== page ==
keenly observes the visited society.
        Overseas student
Experiments with local food, does not
exploit the local people, takes photos,
keenly observes the visited society, takes
physical risks.
          Anthropologist
Keenly observes the visited society,
explores places privately, is interested in
the environment, does not buy souvenirs,
takes photos.
                 Hippie
Does not buy souvenirs, does not live a
life of luxury, is not concerned with social
status, does not take photos, does not
contribute to the economy.
      International athlete
Not alienated from own society, does not
exploit the local people, does not
understand the local people, explores
places privately, searches for the meaning
of life.
       Overseas journalist
Takes photos, keenly observes the visited
society, goes to famous places, takes
physical risks, explores places privately
         Religious pilgrim
Searches for the meaning of life, does not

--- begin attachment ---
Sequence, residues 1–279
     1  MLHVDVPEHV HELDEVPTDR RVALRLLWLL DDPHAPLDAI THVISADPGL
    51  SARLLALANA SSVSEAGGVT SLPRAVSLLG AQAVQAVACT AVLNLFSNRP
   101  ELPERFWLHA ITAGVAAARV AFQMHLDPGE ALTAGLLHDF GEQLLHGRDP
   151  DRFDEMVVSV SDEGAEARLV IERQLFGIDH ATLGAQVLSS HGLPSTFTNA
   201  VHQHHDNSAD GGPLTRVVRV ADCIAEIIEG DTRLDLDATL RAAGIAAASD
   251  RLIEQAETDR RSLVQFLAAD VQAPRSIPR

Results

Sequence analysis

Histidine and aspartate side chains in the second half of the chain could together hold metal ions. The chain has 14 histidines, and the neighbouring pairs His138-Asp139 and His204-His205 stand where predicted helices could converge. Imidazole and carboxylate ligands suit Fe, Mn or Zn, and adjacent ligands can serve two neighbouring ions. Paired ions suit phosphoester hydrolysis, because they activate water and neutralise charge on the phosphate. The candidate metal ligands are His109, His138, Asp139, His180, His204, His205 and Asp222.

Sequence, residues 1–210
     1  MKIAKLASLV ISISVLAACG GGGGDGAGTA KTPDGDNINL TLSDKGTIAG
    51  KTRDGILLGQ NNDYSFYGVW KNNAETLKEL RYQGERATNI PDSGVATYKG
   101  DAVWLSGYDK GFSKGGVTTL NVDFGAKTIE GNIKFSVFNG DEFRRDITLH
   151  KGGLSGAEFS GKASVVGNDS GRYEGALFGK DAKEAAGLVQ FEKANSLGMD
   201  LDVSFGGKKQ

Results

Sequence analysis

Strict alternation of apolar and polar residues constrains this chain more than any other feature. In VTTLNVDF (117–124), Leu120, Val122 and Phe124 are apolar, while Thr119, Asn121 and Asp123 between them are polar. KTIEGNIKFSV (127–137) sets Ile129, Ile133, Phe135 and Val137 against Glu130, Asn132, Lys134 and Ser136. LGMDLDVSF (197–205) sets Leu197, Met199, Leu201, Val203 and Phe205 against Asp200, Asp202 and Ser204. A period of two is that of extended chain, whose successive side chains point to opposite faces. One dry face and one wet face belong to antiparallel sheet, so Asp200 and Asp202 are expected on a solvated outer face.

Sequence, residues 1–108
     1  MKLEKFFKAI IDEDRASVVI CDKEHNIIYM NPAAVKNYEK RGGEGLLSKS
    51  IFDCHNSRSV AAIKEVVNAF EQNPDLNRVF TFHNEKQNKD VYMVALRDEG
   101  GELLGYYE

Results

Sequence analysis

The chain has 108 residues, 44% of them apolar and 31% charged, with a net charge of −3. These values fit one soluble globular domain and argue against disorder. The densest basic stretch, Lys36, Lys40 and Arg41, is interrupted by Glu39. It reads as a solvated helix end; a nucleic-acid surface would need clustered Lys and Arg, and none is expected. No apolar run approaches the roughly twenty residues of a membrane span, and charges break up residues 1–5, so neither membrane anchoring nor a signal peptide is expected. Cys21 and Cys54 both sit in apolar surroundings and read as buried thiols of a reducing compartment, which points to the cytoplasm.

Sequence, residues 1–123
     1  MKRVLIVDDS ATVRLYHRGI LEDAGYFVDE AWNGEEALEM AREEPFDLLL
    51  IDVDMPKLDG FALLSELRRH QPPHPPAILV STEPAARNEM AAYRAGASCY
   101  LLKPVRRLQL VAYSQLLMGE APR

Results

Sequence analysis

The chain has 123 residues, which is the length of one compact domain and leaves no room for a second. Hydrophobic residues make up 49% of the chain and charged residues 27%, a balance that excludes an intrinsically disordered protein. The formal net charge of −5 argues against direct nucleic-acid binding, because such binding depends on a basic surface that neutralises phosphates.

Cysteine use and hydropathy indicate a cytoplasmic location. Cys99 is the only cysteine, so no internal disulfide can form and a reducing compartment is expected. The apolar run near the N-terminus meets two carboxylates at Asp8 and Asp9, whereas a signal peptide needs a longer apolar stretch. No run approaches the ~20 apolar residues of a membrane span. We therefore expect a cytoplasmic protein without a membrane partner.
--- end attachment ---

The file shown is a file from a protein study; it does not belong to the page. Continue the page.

live a life of luxury, is not concerned with
social status, does not exploit the local
people, does not buy souvenirs.
Market Segmentation
        Market Segmentation
• Market segmentation is similar to tourist
  typology.
• It is another way of classifying tourists and
  understanding them.
• Segmentation is a sort of grouping people
  with the same characteristics such as
  geographic, demographic, psychographic,
  and product-related characteristics.
                  Tourist Market Segmentation



Geographic      Grouping of potential tourists is based on their
segmentation    location
Demographic     Grouping is based on the tourist’s gender, age,
segmentation    ethnicity, occupation, income, household size and
                family situation.
Psychographic Grouping is based on how tourists live and on their
segmentation priorities and interests.

Product-        Grouping of tourists is based directly on what they
related         want and need in a particular good or service.
The End